• When moisture comes in contact with the epoxy bonded on the silica surface, the water molecules can go into the gaps between epoxy and silica and interfere with their interaction, leading to a weakened interface and the eventual debonding of the epoxy.

    Photo: Buyukozturk, Buehler, Lau and Tuakta

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Study takes a micro-mechanics approach to understanding material deterioration

Researchers examine how water impacts fiber-wrapped concrete structures.

For more than a century, engineers studying the deterioration of materials used to build bridges, roads and dams have relied on continuum mechanics, an approach that looks at the material as one mass rather than a collection of atoms, and assumes that at any area of a structure, the material will follow certain rules of behavior in response to stress. While useful for studying materials on a large scale, the continuum approach doesn’t reveal much about what’s happening with the material at the microscale.

MIT researchers have used a technique called molecular-dynamics simulation to study how materials interact at the molecular level and recently applied it for the first time to take a close look at the interface between epoxy and silica, one of the primary molecules forming concrete. Epoxy is often used to bond a stretchy supportive fabric or a thin plate made of reinforced polymer composites to concrete structures in order to increase the strength and durability of the structure. Specifically, the researchers are interested in how this interface changes when it gets wet. They hope their work will introduce a new paradigm for structural and design engineers to use when predicting the lifespan of building components and large structures.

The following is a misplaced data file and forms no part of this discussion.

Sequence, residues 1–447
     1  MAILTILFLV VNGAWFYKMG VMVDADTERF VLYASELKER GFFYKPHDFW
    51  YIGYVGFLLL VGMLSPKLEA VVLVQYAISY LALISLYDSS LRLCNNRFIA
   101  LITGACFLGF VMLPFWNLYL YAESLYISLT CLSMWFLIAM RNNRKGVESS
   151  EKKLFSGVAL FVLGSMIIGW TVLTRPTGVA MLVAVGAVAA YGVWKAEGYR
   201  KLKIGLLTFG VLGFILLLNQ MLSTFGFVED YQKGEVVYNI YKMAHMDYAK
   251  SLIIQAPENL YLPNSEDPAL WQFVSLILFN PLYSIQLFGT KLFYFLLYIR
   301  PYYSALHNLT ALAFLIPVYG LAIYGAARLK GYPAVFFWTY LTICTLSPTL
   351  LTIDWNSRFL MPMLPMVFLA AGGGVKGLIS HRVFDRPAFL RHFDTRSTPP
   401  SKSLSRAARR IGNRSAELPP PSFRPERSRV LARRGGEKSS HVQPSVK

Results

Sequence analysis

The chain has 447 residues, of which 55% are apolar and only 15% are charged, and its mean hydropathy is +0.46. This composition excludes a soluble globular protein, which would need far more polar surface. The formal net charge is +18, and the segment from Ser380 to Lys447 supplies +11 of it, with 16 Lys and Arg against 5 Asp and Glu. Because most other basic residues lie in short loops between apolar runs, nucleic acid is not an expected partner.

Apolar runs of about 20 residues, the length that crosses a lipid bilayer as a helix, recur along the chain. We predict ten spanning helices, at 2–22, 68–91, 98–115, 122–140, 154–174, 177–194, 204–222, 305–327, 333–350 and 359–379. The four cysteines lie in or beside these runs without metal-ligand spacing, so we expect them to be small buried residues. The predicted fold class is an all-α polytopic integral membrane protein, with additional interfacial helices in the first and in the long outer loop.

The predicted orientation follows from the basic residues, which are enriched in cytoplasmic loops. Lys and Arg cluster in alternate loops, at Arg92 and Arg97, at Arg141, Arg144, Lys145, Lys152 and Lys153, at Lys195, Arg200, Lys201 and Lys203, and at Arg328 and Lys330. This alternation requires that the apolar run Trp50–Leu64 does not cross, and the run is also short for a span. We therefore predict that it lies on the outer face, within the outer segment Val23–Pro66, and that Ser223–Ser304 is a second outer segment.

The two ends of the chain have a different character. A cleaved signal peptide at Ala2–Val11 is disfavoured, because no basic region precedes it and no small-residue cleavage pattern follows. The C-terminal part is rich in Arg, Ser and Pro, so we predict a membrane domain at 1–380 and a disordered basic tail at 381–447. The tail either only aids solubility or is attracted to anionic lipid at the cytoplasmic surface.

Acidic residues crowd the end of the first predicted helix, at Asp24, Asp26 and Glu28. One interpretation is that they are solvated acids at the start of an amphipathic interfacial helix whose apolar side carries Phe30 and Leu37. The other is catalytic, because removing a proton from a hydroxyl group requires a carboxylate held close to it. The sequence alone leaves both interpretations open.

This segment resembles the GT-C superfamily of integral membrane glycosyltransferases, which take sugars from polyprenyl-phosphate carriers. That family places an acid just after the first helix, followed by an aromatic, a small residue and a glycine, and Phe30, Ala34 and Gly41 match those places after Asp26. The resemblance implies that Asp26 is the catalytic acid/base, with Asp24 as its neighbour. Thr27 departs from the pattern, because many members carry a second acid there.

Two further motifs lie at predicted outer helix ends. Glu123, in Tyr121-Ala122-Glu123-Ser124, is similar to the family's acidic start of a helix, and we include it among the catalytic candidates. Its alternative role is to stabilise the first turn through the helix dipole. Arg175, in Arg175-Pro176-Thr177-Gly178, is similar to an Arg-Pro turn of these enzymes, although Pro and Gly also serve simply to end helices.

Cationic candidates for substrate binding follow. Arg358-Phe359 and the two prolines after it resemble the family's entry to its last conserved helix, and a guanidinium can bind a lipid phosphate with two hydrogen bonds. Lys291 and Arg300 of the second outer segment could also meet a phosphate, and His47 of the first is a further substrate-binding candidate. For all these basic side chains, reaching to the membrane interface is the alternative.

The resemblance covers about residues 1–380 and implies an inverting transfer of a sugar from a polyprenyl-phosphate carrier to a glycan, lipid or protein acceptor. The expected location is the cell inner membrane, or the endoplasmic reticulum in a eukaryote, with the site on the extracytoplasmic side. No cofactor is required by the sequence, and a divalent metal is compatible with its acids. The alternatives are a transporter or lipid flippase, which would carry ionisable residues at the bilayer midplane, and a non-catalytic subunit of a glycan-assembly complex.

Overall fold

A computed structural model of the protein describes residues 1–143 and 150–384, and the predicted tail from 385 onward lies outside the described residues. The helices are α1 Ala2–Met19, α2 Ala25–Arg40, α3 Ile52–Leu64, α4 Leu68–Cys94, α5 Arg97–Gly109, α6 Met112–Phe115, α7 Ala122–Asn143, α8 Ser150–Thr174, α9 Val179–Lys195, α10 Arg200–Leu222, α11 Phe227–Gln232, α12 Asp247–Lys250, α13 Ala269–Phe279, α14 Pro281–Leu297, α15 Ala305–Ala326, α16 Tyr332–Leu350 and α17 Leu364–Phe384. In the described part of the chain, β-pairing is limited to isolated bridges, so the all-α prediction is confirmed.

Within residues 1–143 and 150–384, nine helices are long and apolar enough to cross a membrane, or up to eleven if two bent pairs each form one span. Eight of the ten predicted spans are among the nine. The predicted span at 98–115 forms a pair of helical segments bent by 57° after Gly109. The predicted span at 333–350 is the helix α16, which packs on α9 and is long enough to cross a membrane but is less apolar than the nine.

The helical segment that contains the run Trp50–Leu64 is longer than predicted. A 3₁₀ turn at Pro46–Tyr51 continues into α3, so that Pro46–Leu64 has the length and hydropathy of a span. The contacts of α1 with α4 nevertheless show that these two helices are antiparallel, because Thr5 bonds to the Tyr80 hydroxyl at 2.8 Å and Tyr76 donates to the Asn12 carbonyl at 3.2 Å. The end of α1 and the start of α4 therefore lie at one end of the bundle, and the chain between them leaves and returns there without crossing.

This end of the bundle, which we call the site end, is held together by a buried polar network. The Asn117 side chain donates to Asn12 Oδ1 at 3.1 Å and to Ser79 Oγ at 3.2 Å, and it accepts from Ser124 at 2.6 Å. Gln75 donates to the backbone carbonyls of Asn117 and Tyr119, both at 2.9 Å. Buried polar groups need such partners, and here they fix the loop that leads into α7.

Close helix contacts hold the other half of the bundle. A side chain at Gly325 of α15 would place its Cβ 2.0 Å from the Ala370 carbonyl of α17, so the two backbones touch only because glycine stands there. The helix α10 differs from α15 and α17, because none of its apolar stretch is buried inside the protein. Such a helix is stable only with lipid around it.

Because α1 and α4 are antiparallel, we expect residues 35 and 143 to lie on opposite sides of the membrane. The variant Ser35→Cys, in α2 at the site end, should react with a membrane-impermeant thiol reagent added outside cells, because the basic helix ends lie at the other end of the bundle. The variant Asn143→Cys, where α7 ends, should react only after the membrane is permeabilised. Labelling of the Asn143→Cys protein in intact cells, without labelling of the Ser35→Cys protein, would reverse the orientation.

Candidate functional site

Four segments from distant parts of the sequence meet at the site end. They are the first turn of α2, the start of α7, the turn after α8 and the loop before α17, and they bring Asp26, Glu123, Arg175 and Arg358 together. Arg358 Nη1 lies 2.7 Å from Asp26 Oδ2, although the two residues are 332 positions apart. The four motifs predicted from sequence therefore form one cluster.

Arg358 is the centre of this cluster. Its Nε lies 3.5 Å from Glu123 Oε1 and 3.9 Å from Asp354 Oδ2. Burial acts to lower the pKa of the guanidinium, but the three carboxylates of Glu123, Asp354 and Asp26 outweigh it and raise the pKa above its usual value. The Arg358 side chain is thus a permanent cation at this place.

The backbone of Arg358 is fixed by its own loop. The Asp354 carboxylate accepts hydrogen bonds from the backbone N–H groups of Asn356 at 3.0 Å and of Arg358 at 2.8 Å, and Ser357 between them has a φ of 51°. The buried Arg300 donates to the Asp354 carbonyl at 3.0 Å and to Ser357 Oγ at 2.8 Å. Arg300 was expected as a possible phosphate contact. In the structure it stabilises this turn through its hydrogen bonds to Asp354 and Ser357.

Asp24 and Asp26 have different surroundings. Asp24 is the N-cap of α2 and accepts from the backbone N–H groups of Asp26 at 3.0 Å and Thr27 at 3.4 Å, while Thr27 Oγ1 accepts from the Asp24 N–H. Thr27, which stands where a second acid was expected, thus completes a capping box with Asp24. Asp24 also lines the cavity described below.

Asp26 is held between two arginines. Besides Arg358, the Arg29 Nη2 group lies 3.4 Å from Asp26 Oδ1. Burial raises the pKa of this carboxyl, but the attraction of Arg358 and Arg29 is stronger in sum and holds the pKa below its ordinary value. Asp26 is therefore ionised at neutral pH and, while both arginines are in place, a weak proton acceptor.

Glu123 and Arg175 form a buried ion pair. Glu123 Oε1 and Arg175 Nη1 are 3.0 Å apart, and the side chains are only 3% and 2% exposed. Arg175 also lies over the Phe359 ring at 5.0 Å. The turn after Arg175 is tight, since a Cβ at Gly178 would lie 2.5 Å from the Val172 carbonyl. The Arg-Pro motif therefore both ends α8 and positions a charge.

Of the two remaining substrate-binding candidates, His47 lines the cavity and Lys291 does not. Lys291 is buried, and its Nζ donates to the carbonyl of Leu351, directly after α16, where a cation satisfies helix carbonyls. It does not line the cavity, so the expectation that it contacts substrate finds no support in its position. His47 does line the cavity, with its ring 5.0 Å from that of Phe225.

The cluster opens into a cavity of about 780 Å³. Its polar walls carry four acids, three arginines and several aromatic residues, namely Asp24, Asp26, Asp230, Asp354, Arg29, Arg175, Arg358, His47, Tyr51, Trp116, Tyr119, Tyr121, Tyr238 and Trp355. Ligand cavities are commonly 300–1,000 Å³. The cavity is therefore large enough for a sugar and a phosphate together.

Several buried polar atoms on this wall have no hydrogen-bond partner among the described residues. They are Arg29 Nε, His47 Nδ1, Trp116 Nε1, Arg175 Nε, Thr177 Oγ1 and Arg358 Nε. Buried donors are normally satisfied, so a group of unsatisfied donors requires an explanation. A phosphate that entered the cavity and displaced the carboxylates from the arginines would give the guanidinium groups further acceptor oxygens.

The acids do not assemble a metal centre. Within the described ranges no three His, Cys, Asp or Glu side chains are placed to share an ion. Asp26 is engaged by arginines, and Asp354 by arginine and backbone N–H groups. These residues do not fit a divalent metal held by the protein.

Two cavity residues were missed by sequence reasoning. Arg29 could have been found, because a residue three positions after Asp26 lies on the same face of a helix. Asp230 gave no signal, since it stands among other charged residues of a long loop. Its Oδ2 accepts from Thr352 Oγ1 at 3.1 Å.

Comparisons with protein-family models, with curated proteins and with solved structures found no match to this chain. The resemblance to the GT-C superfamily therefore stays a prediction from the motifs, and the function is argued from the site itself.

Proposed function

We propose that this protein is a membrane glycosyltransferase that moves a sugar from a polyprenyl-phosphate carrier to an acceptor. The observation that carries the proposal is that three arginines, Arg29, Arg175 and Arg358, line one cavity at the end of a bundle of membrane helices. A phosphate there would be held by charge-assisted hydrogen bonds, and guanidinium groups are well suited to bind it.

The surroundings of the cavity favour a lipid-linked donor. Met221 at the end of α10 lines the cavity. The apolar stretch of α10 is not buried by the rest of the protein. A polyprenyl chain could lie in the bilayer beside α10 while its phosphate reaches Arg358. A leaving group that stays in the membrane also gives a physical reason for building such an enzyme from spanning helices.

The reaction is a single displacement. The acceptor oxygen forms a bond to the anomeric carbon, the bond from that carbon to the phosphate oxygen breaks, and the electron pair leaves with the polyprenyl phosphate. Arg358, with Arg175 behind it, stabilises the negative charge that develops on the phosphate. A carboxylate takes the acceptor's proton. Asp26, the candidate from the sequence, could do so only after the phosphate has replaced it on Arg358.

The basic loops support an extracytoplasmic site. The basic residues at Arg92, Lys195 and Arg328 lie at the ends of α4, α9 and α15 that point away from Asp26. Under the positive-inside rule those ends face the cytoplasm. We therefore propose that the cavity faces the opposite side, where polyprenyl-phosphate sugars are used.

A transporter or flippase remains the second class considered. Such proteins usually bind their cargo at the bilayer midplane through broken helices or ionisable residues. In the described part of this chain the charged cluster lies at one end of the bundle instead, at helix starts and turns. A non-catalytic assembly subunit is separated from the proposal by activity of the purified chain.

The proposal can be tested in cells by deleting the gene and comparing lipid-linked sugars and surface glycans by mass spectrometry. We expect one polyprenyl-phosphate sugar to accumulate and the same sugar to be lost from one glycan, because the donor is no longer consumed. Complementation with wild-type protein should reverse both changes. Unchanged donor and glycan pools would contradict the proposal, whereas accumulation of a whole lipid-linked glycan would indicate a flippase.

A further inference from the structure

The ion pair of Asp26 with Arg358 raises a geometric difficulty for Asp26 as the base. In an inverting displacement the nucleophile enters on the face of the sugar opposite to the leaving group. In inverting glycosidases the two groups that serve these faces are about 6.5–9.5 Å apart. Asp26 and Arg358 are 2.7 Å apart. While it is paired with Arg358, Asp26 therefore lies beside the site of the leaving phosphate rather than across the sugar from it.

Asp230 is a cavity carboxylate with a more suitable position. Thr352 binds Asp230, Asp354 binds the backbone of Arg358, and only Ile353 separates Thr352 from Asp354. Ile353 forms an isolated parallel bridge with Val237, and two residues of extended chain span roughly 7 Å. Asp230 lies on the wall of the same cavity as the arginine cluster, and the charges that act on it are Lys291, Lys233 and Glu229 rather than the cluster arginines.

Using the classical continuum mechanics model, engineers have learned how epoxy and concrete behave as separate and homogenous materials. “But this is not sufficient to understand the fundamentals of deterioration” where the atoms in epoxy molecules interact with silica and other atoms in concrete — especially when that epoxy-concrete interface is exposed to water, says Oral Buyukozturk, professor in the Department of Civil and Environmental Engineering (CEE). Buyukozturk, CEE Associate Professor Markus Buehler and graduate students Denvid Lau and Chakrapan Tuakta PhD ’11 co-authored a paper published in an April issue of the International Journal of Solids and Structures that describes their use of molecular-dynamics simulation to study an epoxy-silica interface from a fundamental perspective that unifies chemistry and mechanics.

Read a news story: http://cee.mit.edu/news/releases/2011/epoxy-silica-interface

Topics: Iinfrastructure monitoring, Molecular modeling

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